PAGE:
Healthy Eating and Physical Activity
3. Mr Campbell asked the Minister of Health, Social Services and Public Safety how his Department is promoting healthy eating and physical activity in areas of high social and economic deprivation. (AQO 1637/11-15)
Mr Poots: The recently published framework for preventing and addressing overweight and obesity in Northern Ireland, entitled ‘A Fitter Future for All’, clearly recognises the links between deprivation and inequalities and rates of obesity, participation in physical activity, and eating a healthy, nutritious diet.
While taking a population-wide approach, the framework seeks to focus particular action in areas of deprivation. In its role in driving forward the implementation of the framework, particularly in the context of addressing disadvantage and deprivation, the Public Health Agency explicitly focuses on communities in greatest need. It has invested significantly in supporting communities and building capacity at a local level to ensure their active participation and engagement in promoting positive health and well-being and tackling health inequalities.
Mr Campbell: The Minister will be aware that, particularly in the schools estate, many of the premises are based in working-class areas. Has he had any discussions, or are any planned, about the role that sporting facilities and the schools estate could play in combating obesity, particularly among young working-class people?
Mr Poots: I believe that every Minister is a Minister for health and everybody has a responsibility for the health of the population. In order to move things forward, I have had discussions with other Ministers, including the Minister of Education, who is in control of the schools estate, and the Minister of Culture, Arts and Leisure, who is responsible for sport. The more that we can make better use of those facilities in our schools, particularly at night-time, so that people can benefit from having such facilities and being able to use them, the better.
The more that we can invest, the better, because you will have a number of people involved. For example, in east Londonderry, we have a skipping for health programme in two schools: Ballysally Primary School in Coleraine and Drumachose Primary School in Limavady. We also need to be looking at things like Cook it!, inspiring communities to get active together, cardiac rehab programmes in schools and health promotion in homes.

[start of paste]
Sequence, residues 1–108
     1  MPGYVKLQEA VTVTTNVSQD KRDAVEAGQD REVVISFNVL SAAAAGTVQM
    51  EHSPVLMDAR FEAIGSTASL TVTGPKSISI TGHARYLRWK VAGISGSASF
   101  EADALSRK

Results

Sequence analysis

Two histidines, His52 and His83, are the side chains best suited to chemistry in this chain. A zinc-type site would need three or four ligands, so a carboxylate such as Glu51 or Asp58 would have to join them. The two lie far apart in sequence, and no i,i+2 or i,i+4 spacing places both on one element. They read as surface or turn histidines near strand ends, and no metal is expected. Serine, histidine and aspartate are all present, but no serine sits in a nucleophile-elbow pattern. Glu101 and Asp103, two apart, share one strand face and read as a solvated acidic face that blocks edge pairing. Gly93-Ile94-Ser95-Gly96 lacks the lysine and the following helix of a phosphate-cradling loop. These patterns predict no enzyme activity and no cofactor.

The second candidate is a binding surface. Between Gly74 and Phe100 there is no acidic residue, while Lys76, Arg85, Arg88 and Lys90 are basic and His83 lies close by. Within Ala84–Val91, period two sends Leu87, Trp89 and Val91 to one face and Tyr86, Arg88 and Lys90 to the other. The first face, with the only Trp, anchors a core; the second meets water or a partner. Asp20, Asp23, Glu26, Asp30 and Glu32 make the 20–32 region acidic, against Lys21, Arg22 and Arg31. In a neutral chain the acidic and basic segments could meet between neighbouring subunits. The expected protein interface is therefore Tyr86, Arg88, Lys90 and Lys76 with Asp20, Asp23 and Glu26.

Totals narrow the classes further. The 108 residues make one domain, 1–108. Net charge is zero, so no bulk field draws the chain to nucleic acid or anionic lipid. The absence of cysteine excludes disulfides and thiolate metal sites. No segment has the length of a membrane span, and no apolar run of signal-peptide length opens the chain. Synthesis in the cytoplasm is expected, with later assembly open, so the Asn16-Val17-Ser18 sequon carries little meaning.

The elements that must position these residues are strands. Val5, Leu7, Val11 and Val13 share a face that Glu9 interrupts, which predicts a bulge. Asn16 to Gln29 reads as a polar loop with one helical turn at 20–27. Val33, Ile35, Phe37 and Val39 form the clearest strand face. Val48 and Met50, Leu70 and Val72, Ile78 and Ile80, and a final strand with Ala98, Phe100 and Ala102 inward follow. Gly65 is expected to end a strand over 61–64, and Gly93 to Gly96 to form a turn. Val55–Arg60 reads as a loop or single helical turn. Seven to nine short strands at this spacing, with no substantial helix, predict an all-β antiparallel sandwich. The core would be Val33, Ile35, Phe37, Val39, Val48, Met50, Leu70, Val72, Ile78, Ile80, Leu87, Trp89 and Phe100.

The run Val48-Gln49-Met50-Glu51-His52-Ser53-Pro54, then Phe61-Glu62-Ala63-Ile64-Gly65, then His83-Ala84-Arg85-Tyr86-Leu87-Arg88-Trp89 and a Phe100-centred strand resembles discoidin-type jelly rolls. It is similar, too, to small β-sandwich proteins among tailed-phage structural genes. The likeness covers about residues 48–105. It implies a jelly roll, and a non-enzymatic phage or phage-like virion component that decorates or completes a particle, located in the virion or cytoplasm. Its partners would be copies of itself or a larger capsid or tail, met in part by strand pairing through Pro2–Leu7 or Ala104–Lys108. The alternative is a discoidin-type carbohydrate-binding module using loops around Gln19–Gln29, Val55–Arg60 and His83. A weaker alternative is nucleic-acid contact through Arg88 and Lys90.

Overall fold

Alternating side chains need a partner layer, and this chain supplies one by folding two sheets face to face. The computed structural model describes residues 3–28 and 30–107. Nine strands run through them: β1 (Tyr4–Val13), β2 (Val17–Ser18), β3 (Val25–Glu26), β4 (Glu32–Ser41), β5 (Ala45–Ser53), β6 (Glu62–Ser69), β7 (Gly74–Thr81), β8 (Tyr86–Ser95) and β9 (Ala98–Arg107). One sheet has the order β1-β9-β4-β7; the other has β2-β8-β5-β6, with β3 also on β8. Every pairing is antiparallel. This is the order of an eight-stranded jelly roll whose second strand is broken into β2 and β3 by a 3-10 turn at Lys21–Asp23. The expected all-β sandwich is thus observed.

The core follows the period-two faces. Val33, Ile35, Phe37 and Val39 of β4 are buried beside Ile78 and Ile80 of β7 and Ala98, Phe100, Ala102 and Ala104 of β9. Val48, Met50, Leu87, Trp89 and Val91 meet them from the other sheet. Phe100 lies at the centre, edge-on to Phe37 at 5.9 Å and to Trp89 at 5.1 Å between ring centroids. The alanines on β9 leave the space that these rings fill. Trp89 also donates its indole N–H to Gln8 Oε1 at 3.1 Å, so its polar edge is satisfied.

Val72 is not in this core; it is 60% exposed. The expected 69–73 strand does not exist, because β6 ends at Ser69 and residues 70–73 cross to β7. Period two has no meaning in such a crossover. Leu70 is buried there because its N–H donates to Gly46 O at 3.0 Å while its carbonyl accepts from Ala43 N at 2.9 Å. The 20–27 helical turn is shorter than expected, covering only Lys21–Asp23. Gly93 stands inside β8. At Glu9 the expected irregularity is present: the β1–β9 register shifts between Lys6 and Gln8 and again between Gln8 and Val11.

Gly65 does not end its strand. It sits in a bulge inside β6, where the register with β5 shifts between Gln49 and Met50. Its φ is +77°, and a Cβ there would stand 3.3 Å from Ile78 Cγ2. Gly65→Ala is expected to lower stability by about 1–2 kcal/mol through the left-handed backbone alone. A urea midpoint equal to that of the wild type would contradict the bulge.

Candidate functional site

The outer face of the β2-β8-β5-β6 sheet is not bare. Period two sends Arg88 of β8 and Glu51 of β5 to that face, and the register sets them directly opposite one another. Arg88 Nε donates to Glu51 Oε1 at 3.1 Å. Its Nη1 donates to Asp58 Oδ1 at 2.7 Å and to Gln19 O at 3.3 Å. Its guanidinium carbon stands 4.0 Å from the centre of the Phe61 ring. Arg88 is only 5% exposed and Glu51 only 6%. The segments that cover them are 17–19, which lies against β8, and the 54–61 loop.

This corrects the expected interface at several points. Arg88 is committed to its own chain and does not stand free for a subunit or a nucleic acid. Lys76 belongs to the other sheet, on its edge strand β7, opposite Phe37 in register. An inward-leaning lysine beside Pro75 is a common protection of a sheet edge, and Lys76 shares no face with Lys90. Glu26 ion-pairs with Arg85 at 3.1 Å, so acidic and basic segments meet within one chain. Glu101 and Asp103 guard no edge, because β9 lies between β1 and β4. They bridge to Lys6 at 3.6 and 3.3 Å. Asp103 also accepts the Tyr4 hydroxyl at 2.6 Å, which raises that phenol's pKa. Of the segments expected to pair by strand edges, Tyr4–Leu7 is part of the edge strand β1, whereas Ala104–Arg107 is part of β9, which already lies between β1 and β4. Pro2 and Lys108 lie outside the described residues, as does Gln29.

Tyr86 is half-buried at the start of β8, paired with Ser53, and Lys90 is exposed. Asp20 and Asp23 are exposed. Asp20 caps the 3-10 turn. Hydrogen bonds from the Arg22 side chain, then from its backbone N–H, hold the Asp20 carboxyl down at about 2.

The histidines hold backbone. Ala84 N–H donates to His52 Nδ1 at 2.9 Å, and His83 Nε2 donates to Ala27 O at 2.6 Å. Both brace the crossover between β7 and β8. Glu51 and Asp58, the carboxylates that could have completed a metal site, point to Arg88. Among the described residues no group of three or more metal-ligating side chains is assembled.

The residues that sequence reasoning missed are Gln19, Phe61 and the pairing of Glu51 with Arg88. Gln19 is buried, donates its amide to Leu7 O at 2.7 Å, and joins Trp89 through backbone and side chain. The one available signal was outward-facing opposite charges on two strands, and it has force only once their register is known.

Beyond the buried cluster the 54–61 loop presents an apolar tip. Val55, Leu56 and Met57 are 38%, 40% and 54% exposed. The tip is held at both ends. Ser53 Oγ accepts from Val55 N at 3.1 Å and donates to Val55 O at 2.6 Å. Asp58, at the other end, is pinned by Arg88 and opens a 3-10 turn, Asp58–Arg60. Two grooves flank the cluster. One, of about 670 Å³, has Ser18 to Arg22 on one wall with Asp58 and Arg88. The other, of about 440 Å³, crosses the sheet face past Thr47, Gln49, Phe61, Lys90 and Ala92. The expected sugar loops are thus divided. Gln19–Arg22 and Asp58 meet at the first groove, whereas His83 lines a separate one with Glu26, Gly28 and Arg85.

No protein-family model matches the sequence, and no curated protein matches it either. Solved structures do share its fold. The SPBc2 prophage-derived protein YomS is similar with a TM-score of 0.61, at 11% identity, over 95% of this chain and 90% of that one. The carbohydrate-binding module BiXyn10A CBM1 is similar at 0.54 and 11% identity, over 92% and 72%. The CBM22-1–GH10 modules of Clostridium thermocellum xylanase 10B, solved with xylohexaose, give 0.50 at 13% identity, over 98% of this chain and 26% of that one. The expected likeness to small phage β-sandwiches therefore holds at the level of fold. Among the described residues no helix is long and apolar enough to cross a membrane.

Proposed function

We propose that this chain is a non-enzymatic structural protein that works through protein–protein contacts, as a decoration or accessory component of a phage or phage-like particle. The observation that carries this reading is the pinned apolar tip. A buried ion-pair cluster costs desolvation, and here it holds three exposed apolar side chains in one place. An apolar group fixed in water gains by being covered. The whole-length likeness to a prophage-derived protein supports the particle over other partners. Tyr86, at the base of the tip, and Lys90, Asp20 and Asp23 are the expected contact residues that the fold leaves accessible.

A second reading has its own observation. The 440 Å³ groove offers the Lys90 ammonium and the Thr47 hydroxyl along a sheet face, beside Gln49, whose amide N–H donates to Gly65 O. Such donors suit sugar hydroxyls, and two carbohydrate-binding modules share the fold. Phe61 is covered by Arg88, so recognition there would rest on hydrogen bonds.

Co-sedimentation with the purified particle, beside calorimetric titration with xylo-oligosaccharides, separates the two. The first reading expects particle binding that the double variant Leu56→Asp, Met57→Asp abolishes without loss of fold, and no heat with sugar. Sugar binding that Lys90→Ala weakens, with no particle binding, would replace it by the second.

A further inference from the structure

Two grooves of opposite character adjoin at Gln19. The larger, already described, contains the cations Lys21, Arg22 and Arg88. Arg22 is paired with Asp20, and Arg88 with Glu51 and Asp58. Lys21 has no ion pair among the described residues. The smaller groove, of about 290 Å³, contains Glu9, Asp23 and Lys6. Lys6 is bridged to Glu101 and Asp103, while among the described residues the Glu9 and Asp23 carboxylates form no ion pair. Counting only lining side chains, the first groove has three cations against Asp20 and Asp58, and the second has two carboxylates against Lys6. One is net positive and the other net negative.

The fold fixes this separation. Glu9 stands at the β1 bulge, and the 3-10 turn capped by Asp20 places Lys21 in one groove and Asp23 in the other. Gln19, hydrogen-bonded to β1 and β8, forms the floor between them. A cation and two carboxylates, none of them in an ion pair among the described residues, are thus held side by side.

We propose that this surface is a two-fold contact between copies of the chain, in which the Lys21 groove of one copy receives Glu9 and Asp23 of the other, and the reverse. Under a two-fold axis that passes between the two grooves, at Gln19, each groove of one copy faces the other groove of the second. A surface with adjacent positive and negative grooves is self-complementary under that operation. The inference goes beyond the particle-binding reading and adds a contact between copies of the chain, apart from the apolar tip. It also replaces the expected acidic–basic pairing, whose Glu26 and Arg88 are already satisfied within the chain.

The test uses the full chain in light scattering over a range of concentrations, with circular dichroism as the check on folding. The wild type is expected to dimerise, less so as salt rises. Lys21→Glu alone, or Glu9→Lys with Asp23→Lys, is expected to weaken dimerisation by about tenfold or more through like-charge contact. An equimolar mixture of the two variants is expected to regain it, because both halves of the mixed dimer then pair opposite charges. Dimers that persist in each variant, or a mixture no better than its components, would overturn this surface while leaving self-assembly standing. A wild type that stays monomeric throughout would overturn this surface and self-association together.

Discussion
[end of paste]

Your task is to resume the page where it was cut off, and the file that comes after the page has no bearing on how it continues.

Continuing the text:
So, there is a lot more that can be done, and we should be encouraging schools and health organisations to work together to have a better-educated public, particularly when it comes to our young people.
Mr McKay: Go raibh maith agat, a LeasCheann Comhairle. Given the recent debate about the visibility of cigarettes on shop counters, has the Minister considered any proposals to ensure that fruit and other healthy snacks are more prominent at locations where customers queue, particularly as, at those locations, they are surrounded by confectionery — sweets and crisps — and so on?
Mr Poots: First, that is not an area that I have responsibility for. Secondly, it is not an area in which we can dictate to businesses how they should conduct their affairs. I encourage people to eat more fruit and vegetables and be active. The Public Health Agency is doing courses of work, and there will be a greater focus on working-class communities to ensure that the health inequality that exists is improved and that its trajectory, which has been widening, is changed and we move to a situation where, because you are born in a certain part of Belfast or a certain deprived area in Northern Ireland, you are not more likely to die considerably earlier than someone who happens to live just a few miles further up the road.
Mr D Bradley: Go raibh maith agat, a LeasCheann Comhairle. Go raibh maith agat a LeasCheann Comhairle agus gabhaim buíochas leis an Aire as an méid a dúirt sé ar an cheist seo go dtí seo agus ba mhaith liom an cheist seo a chur air. What mechanisms are there to maximise and co-ordinate interdepartmental co-operation on this issue?
Mr Poots: As I indicated, I have had a number of meetings with other Ministers, and I have further meetings set up with them. Last week, for example, I was with the Minister for Social Development, having had previous meetings with him on issues that cross the boundaries. I will be having meetings in the coming weeks with other Ministers to develop a government programme to respond on these issues. One area that is particularly important is education, because poor educational outcomes and poor health outcomes very often go hand in hand.